Native Peoples — July/August
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Russtall Chief (Osage)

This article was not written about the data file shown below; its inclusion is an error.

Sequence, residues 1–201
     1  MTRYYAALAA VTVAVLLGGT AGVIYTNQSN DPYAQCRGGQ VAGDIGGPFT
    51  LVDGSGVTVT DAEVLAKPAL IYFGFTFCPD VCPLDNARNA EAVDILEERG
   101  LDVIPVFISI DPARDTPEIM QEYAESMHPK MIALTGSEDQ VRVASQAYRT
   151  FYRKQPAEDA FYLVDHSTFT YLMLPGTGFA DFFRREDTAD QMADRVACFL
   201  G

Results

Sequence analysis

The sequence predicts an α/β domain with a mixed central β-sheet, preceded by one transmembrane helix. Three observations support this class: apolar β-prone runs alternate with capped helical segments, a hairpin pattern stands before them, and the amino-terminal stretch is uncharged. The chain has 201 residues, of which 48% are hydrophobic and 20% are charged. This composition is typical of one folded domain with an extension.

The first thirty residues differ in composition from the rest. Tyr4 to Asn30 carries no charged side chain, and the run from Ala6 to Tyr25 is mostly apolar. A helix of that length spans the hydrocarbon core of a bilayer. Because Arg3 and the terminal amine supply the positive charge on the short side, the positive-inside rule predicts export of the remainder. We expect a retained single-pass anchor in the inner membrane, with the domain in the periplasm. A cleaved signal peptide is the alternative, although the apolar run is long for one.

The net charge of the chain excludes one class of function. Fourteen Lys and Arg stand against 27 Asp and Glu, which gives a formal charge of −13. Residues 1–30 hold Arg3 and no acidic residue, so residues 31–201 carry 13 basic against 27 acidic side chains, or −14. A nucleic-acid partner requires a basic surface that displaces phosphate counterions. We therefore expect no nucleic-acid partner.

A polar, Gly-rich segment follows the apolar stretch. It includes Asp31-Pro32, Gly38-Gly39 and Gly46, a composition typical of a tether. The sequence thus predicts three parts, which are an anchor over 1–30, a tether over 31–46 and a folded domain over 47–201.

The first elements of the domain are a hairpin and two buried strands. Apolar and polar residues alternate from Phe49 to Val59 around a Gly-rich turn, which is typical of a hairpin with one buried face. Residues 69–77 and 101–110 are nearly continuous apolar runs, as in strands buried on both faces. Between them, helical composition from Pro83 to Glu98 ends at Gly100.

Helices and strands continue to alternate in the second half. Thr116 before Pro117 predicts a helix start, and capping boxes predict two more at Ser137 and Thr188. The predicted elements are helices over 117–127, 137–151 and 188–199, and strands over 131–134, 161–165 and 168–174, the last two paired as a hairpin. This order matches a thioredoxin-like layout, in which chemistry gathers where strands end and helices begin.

FOCUS: SANTA FE<br /> <br /> SOME NATIVE GALLERY SHOWS TO SAMPLE THIS AUGUST<br /> <br /> Each year during Santa Fe Indian Market, thousands of artists and collectors bustle through the winding streets of Santa Fe, flowing like rivers through the adobe canyons of the warm Santa Fe artscape. Many are looking for something specific. Others just want something innovative: for example, what would a Picasso painting look like if the renowned Cubist were a Pawnee/Red Lake Chippewa artist? We'll tell you.<br /> <br /> GALLERIES ARE LOCATED IN SANTA FE UNLESS OTHERWISE INDICATED.<br /> <br /> The Allan Houser Gallery & The Allan Houser Studio and Sculpture Garden<br /> <br /> 125 Lincoln Ave., Suite I 12<br /> 505/982-4705 (Gallery)<br /> 505/471-1528 (Studio and Sculpture Garden)<br /><br /> <br /> The Allan Houser Gallery in Santa Fe pays tribute to the late Chiricahua Apache artist Allan Houser (1914-1994) who, during his prolific career; created a renaissance in American stone-carving. Allan Houser: Works in Stone opens on Friday, Aug. 17, with an opening reception 5-8 p.m. at the gallery, <br /> <br /> Located 30 minutes south of Santa Fe, the Allan Houser Studio and Sculpture Garden features a 10- acre sculpture garden with 80 outdoor works and an indoor gallery with hundreds of sculptures, drawings and paintings. In celebration of Anna Marie Gallegos Houser's 100th birthday, an honoring reception will be held at the visitors center on Sunday, Aug. 19, 1-3 p. m. Free open houses will be held on Saturday, Aug. 18, and Sunday, Aug. 19, 10 am—4 p.m.<br /> <br /> Beals & Abbate Fine Art<br /> <br /> 713 Canyon Road<br /> 505/438-8881<br /><br /> <br /> With its adobe bull-nosed walls and sandblasted vigas, Beals & Abbate Fine Art represents artists both Native, like totem sculptor/geometric painter Doug Coffin (Potawatomi/Creek), and not The featured exhibition during Indian Market will be Treasures of Native America, including works by Upton Ethelbah (Santa Clara Pueblo/White Mountain Apache) and Raymond Nordwall (Pawnee/Red Lake Chippewa). Ethelbah exhibits his newest virtuosic sculpture works of human forms in marble, alabaster and limestone, as well as limited-edition bronzes. <br /> <br /> This year, look for more of an angular element in Nordwall's colorful figurative paintings, including Natives on horseback splashing through water With their hints of Cubism, Nordwall's paintings may answer the question, "What if Picasso were a Pawnee?" The exhibition opens Aug, 14 and runs through Aug. 27, with an opening reception Friday, Aug. 17,5-8 p. m. Also enjoy a book-signing of Contemporary Native American Artists on Friday, Aug. 17,5-6 p.m., with Ethelbah and the author; photographer and publisher <br /> <br /> Also, the gallery is organizing a contemporary Native public art project, The Hour Has Arrived, in cooperation with SWAIA, Artisan Santa Fe and Hilton Santa Fe.The project features public installations in downtown Santa Fe Aug. 13-19 and at the Hilton by Hoka Skenadore (Oneida/Oglala Lakota/Luiseno), Yatika Starr Fields (Cherokee/Creek/Osage), Rose Simpson (Santa Clara Pueblo), Watermelon7 (Isleta Pueblo) and others.<br /> <br /> Blue Rain Gallery<br /> <br /> 130 Lincoln Ave., Suite C<br /> 505/954-9902<br /><br /> <br /> One of Santa Fe's premier galleries presents a rolling schedule of openings and artist receptions during Indian Market week. Here's the lineup: <br /> <br /> Thursday, Aug. 16,5-8 p.m.: New jewelry by Mari Samora (Taos Pueblo); pottery by Jody Naranjo (Santa Clara Pueblo), Al Qoyawayma (Hopi) and Lisa Holt and Harlan Reano (Cochiti/ Santo Domingo pueblos); and paintings by David Bradley (Chippewa), Mateo Romero (Cochiti Pueblo) and Hyrum Joe (Navajo). <br /> <br /> Friday, Aug. 17,8-9:45 a.m.: Preview and sale at 10 a.m. of pottery by Tammy Garcia (Santa Clara Pueblo) and Richard Zane Smith (Wyandotte). I I a,m.-4 p.m.: Glass-blowing demonstration by Preston Singletary (Tlingit) and bronze patina demonstration by Bronzesmith Fine Art Foundry of Prescott Valley, AZ. 5-8 p.m.: Paintings by Tony Abeyta (Navajo), jewelry by Larry Vasquez (Aztec/Apache) and glass sculptures by Preston Singletary (Tlingit). <br /> <br /> Saturday, Aug. 18, I I a.m.-4 p.m.: Glass-blowing demonstration by Preston Singletary (Tlingit) and bronze patina demonstration by Bronzesmith Fine Art Foundry of Prescott Val ley, AZ,<br /> <br /> Case Trading Post<br /> <br /> 704 Camino Lejo (inside the Wheelwright Museum<br /> of the American Indian)<br /> 505/982-4636, ext. I 10<br /><br /> <br /> You'll think you've dropped into a traditional trading post on the Navajo Reservation in this excellent small shop downstairs in the WheelwrightThey have a select assortment of handmade arts and crafts in many media, as well as a good selection of books, Cds and other manufactured goods. During Indian Market week, also enjoy the following reception and sale events: <br /> <br /> Thursday, Aug. 16, 10 a.m.: Potter Calvin Analla (Laguna Pueblo). I p.m.: Native writer/artist Ricardo Cate (Santo Domingo Pueblo) of the comic strip "Without Reservations." 2 p.m.: Jewelry by Denise Wallace (Chugach Aleut). <br /> <br /> On Friday, Aug. 17,8:30-1 I a.m., check out a group display of chic jewelry created for this event, and artist demonstrations in an outdoor tent featuring jewelers, basket weavers, kachina carvers, potters, sculptors and painters.<br /> <br /> Gerald Peters Gallery<br /> <br /> 101 I Paseo de Peralta<br /> 505/954-5700<br /><br /> <br /> A preeminent dealer of American art from the 19th and 20th centuries with special emphasis on classic Western art, paintings of the Taos Society of Artists, the Santa Fe Art Colony, and American modernists, Gerald Peters Gallery showcases museum-quality work, It is mounting a show for Darren Vigil Gray (|icarilla Apache) opening Aug. 17 and continuing through October 6. Gray will be exhibiting Expressionist landscapes, figurative pieces and contemporary abstract works.<br /> <br /> Houshang's Gallery<br /> <br /> 50 San Francisco St.<br /> 505/988-3322<br /><br /> <br /> Houshang's is planning receptions for Friday, Aug. 17, 4-8 p.m., and Saturday, Aug, 18,2-7 p.m., for shows featuring the work of Southwest sculptor Fredrick Prescott, contemporary artist JD Miller and a group collection of Native American works by Kevin Red Star (Crow), Malcolm Furlow (Choctaw) and Tony Abeyta (Navajo),<br /> <br /> Keshi:The Zuni Connection<br /> <br /> 227 Don Gaspar<br /> 505/989-8728<br /><br /> <br /> Established in 1981, Keshi presents one of the largest collections of Zuni fetishes in the world. On Saturday, Aug. 18, I —4 p.m., there is a show for Zuni fetish carvers of the Quandelacy family. On Sunday, Aug. 19, I I a.m,-2 p.m., the gallery features Zuni fetish carvers Melvin and Orin Eriacho.<br /> <br /> King Galleries and Faust Gallery<br /> <br /> La Fonda Hotel, downstairs; access via The Indian Shop<br /> 100 E. San Francisco St.<br /> 480/200-4290<br /><br /> <br /> The Scottsdale-based King and Faust galleries come to the City Different for Classic to Contemporary, Aug, 13-19. Exceptional Native jewelry and pottery will include historic signed work by Charles Loloma, Maria Martinez,Tony Da, Margaret Tafoya and Lucy Lewis, and contemporary work by Chris Youngblood, Jason Garcia, Jarrod Da, Grace Medicine Flower; Sonwai, Ric Charlie, Carl Clark and more,<br /> <br /> Mark Sublette Medicine Man Gallery<br /> <br /> 602A Canyon Road<br /> 505/820-7451<br /><br /> <br /> Turquoise and silver lovers will delight in the dazzling array of high-quality Navajo, Zuni and other Pueblo jewelry from the late 19th to mid-20th centuries found in the show and sale A Celebration of Old Pawn Jewelry, Aug. 3-Sept. 6.The gallery also hosts the exhibition Maria Martinez & Family, focused on incredible pottery works, Aug. I O-Sept. 13, and a show of fantastic new paintings of Shonto Begay (Navajo) Aug, 17-20, with an opening on Aug. 17, 2-4 p.m., with the artist present. Also drop by for a mystery book signing of Paint By Numbers on Aug, 16 at 5 p.m.<br /> <br /> Michael Smith Gallery<br /> <br /> 526 Canyon Road<br /> 505/995-1013<br /><br /> <br /> Located in a several-centuries-old adobe, this space exudes Santa Fe charm that is nicely complemented by the historic works found here and top-notch contemporary arts.The gallery has an outstanding selection of antique Navajo and Pueblo textiles, and one of the world's best collections of the amazingly detailed basketry of the Wounaan people of Panama. Also look here for excellent beadwork, historic and contemporary Southwestern pottery, historic Southwest jewelry, moccasins, rattles and other material goods. <br /> <br /> Museum of Contemporary Native Arts Store & Lloyd Kiva New Gallery <br /> <br /> 108 Cathedral Place <br /> 505/983-8900, ext. 5912 <br /> <br /> <br /> This gem is tucked inside the outstanding museum of the Institute of American Indian Arts and carries a wide range of works produced by the school's acclaimed students and graduates, as well as art by other Native artists nationwide. It also stocks an excellent selection of Native-themed books, Cds and other goods. During Indian Market week, it will host a series of special events: <br /> <br /> Thursday, Aug. 16,5-7 p.m.: Cannon Pops at MoCNA: Pai-Doung-U-Day, an exhibition and sale of works by the late Kiowa/Caddo artistTC. Cannon (through Sept 17). Saturday, Aug. 18, 3-4 p.m.: A book-signing of T.C. Cannon: He Stood in the Sun, by Joan Frederick, and My Determined Eye: Writings of T.C. Cannon, edited by Joyce Cannon Yi,<br /> <br /> Native American Collections <br /> <br /> 303/321-1071 <br /> <br /> <br /> This Denver-based fine-arts business is organizing a special studio visit and reception, including a traditional Pueblo-style feast and dancers, in the studio of Russell Sanchez in the Pueblo of San lldefonso on Friday, Aug. 17, noon-5 p.m.The featured potter will be Sanchez, but works by many other potters will be on view and for sale, including Jody Naranjo, Jennifer Moquino and Nancy Youngblood. Also on preview display will be the collaborative work that the latter three artists and Sanchez created for the SWAIA Gala auction on Saturday night, Aug. 18, and paintings by Jerrod Da. Call for directions or consult the ad in this issue. <br /> <br /> Niman Fine Art <br /> <br /> 125 Lincoln Ave. <br /> 505/988-5091 <br /> <br /> <br /> The Indian Market show opens Aug. 17,5:30-7:30 p. m., with new works by renowned abstract painter/ sculptor Dan Namingha (Tewa/Hopi), sculptor Arlo Namingha (Tewa/Hopi), and conceptual artist Michael Namingha (Tewa/Hopi).<br /> <br /> Pablo Milan Gallery<br /> <br /> 209 Galisteo St. 505/820-1285<br /> <br /> This gallery focuses on the acrylic blend paintings of fifth-generation New Mexican Pablo Antonio Milan. His favorite subject matter is contemporary, highly abstracted scenes of Southwestern life, including Native American horsemen, dancers and warriors, He will be hosting a reception on Friday, Aug. 17,5-8 p.m., with all new works, as well as paintings by Denny Champlin and Don Brewer Wakpa (Lakota), whose contemporary works contain elements of his traditional culture,The artists will be present all weekend.<br /> <br /> Poeh Cultural Center<br /> <br /> 78 Cities of Gold Road<br /> 505/455-3334<br /><br /> <br /> Pojoaque Pueblo established the nonprofit Poeh Center in 1988 as a vehicle for Pueblo artistic expression and both Native American and public education. It is located about 15 minutes outside of Santa Fe on U.S. 285/84. Poeh's annual Art Market Opening Reception will be held on Thursday, Aug. 16, 5-8 p.m., with artist demonstrations on Friday and Saturday. Its permanent exhibition Nah Poeh Meng (in Tewa,"The Continuous Path") conveys the Pueblo peoples' view of their history through the work of numerous Pueblo master artists.<br /> <br /> River Trading Post<br /> <br /> 610-B Canyon Road<br /> 505/982-2805<br /><br /> <br /> RiverTrading Post in Santa Fe is hosting its seventh annual Arts of Native America Show and Sale Aug, 16-18. It kicks off on Thursday, 4-8 p.m., with an artists' reception including sculptor Cliff Fragua (Jemez Pueblo), apparel designerYolanda Yazzie (Navajo), sculptor Caroline Carpio (Isleta Pueblo), Katsina carver Augustine Mowa (Hopi), sculptor Mark Fischer (Oneida), potter Pahponee (Kickapoo/Potawatomi), hatmaker Melissa Lewis- Barnes (Navajo), and jewelers Edward Charlie (Navajo), Harold Stevens (Navajo) and Jeremy and Eileen Rosetta (Santo Domingo Pueblo). Native foods, beverages, live drumming and dancers will also be presentThe same program will repeat on Friday, I I a.m-6 p.m. <br /> <br /> Roxanne Swentzell'sTower Gallery <br /> <br /> 78 Cities of Gold Road <br /> 505/455-3037 <br /> <br /> <br /> Housed in a remarkable round multistory adobe structure at the Poeh Center in Pojoaque Pueblo, this gallery focuses on sculptor Roxanne Swentzell (Santa Clara Pueblo), a major figure in contemporary Native arts (see cover; Jan/Feb. 2003 issue), Enjoy works in clay, bronze and glass ranging from figurines to monumental scale, from masks to wall installations and busts, that convey deep insights of the human condition. <br /> <br /> Shiprock Santa Fe <br /> <br /> 53 Old Santa Fe Trail, 2nd Floor <br /> 505/982-8478 <br /> <br /> <br /> Inspired by the Navajo legend of Shiprock, a sacred volcanic rock formation believed to have once been a great winged bird that carried the Navajo peoples to northwestern New Mexico, Shiprock Santa Fe offers historical and contemporary Native American art with modern midcentury furnishings. For more than 20 years, fifth-generation art dealer Jed Foutz, who was raised on the Navajo Nation in a prominent family of Indian art traders, has refined his singular vision into Shiprock Santa Fe's collection of Native historic and contemporary textiles, jewelry, pottery, sculpture, basketry, folk art and fine art. This year during Indian Market, Shiprock emphasizes historical materials from throughout the Southwest in its collection, An opening reception will be held on Saturday, Aug. I 1,5-7 p.m. Also in the works: Shiprock's Seventh Annual Santa Fe Lecture Series on Native art and culture.<br /> <br /> Steve Elmore Indian Art<br /> <br /> 839 Paseo de Peralta, Suite M<br /> 505/995-9677<br /><br /> <br /> Antique Native American art is the specialty here, including historic Pueblo pottery, antique Navajo and Pueblo jewelry, antique Navajo and Pueblo textiles, early Hopi Katsina dolls and early Hopi basketry.<br /> <br /> Waxlander Art Gallery & Sculpture Garden<br /> <br /> 622 Canyon Road<br /> 505/984-2202<br /><br /> <br /> Situated in a historic adobe with one of Canyon Road's prettiest sculpture gardens, Waxlander Gallery mounts its fifth annual one-man show for Oneida painter Bruce King Aug. 14-27, with an artist reception Aug. 17,5-7 p.m. King specializes in Impressionist portrayals of Indian warriors riding on horseback amidst a colorful wash of landscape. <br /> <br /> William Siegal Gallery <br /> <br /> 540 S. Guadalupe St. <br /> 505/820-3300 <br /> <br /> <br /> This spacious gallery in the Railyard District showcases ancient pre-Columbian textiles and sculpture, along with contemporary painting, sculpture and photography. From July 27 to Aug. 25, the gallery mounts a show for conceptual artist Judy Tuwaletstiwa consisting of wall pieces and installations with grids of biological cataloging that chronicle intimate interactions with sheep, crows and bats.The artist is married to a Hopi man and has spent years on the Hopi Reservation. <br /> <br /> Zane Bennett Contemporary Art <br /> <br /> 435 S. Guadalupe <br /> 505/982-8111 <br /> <br /> <br /> Located in the Railyard District, this gallery, with its sky-lighted two-story central atrium, is mounting a show for contemporary jewelers Gail Bird (Laguna Pueblo/Santo Domingo Pueblo) and Yazzie Johnson (Navajo) from Aug, 16 to Sept, 27, with an opening reception Aug, 16,5-7 p.m. Known for their thematic belts, as well as necklaces and earrings, the duo often works in gold and silver with pearls, garnets, moonstones and amethysts. <br /> <br /> Russ Tall Chief (Osage) is the art galleries editor for Native Peoples, an art writer for Slice Magazine in Oklahoma City, and an exhibition content writer for the American Indian Cultural Center and Museum. <br /> <br /> JEWELRY APPAREL & GIFT SHOPS <br /> <br /> Artisan <br /> <br /> 2601 Cerrillos Road <br /> 505/954-4179 <br /> <br /> <br /> With three stores in New Mexico (Santa Fe, Albuquerque and Taos), this leading art-supply store stocks acrylic paints, brushes, canvas, linen, easels, frames, mat cutters, oils, palette knives, portfolios, stretcher bars, watercolors and more. <br /> <br /> Fairchild & Co. Jewelers <br /> <br /> I I0W.San Francisco St. <br /> 505/984-1419 <br /> <br /> <br /> With more than 30 years in business and an on-site studio, Fairchild & Company specializes in contemporary jewelry incorporating colored gemstones, ancient coins, cognac diamonds from Australia, white diamonds, inlaid jewelry and wedding bands. <br /> <br /> The Golden Eye <br /> <br /> I 15 Don GasparAve. <br /> 505/984-0040,800/784-0038 <br /> <br /> <br /> For more than 25 years, this fine shop has presented a wide selection of handcrafted jewelry, including novel wedding bands, chains and pendants, as well as rings, necklaces, earrings and coin jewelry,They also represent the stunning jewelry of Robin Waynee (Chippewa; see p. 26).<br /> <br /> Maverick's of Santa Fe <br /> <br /> 80 E. San Francisco St. <br /> 505/995-8484 <br /> Web: see Facebook <br /> <br /> Boho cowgirl chic is the style at Maverick's on the Santa Fe Plaza, where you'll find posh Southwestern jewelry, jackets, tops, skirts and purses by trendsetting designers like Double D Ranch,Tasha Polizzi and Coreen Cordova. <br /> <br /> Rippel and Company <br /> <br /> I I I Old Santa Fe Trail <br /> 505/986-91 15 <br /> <br /> <br /> Master silversmith John Rippel and a select group of other artists offer jewelry, belt buckles, and Storywheels ™ made of silver gold, gemstones, turquoise, crocodile, stingray and other exotic leathers. <br /> <br /> Rocki Gorman <br /> <br /> I 19 Old Santa Fe Trail (at La Fonda Hotel) <br /> 505/983-7833 <br /> <br /> <br /> Rocki Gorman is internationally known for her bold jewelry handcrafted in the Southwest by Native artisans using sterling silver and the finest semi-precious stones, Aug. 16-19, receptions and trunk shows for jewelry and one-of-a-kind clothing.<br /> <br /> Shalako Indian Store <br /> <br /> 66 E. San Francisco St., #5 <br /> 505/983-8018 <br /> <br /> <br /> This shop carries a wide assortment of classic and contemporary jewelry, with a focus on old pawn jewelry. Old pawn pieces include squash blossoms, concha belts, necklaces, rings, belts and buckles, earrings and bolo ties, matched by a good selection of contemporary jewelry. In addition, owners Frank and Marcia Kahlbau carry storytellers, stone fetishes, sculpture and work in other media.The gallery will host a wine-and-cheese reception on Friday, Aug. 17, 5-8 p.m., with live flute music. <br /> <br /> Things Finer <br /> <br /> 100 E. San Francisco St. (inside La Fonda Hotel) <br /> 505/983-5552 <br /> <br /> <br /> A trusted source for fine antique and contemporary jewelry for 25 years,Things Finer presents antique and estate jewelry, contemporary jewelry, antique silver; crystal, china and custom jewelry design.<br /> <br /> Tom Taylor Buckles <br /> <br /> 108 E. San Francisco St. <br /> 505/984-2231,800/303-9733 <br /> <br /> Look no further for the finest in belt buckles, many in gold and sterling silver; matched with an assortment of fine leathers, plus bolos and other works. Artists include Pat and Chris Pruitt (Laguna Pueblo) and Gabriel Good Buffalo (Lakota); the latter specializes in beaded belts.You can also come in and place custom orders with owners Philip and Kim Spiers.They are hosting an invitation-only reception on Thursday, Aug. 16,6-9 p.m.To be invited, "like" them on their Facebook page.The business was founded in 1986. <br /> <br /> Turquoise Village <br /> <br /> I 184 New Mexico 53 <br /> Zuni, NM 87327 <br /> 505/782-4892 <br /> <br /> Situated a three-hour drive southwest of Santa Fe in Zuni Pueblo,Turquoise Village deals directly with Zuni, Hopi and Navajo artists to stock a selection of baskets, bracelets, buckles, Katsinas, key rings, fetishes and necklaces. <br /> <br /> Waddell Trading Company <br /> <br /> Hotel Chimayo <br /> 125 Washington Ave. <br /> 480/755-8080 <br /> <br /> <br /> This Scottsdale-based business is hosting a Santa Fe Indian Market show at Hotel Chimayo de Santa Fe in the courtyard Aug. 14—19 with new and vintage jewelry including bolos, bracelets, buckles, concho belts and earrings by such noted jewelers as Charles Loloma and Lee Yazzie. —With contributions by Wolf Schneider and Daniel Gibson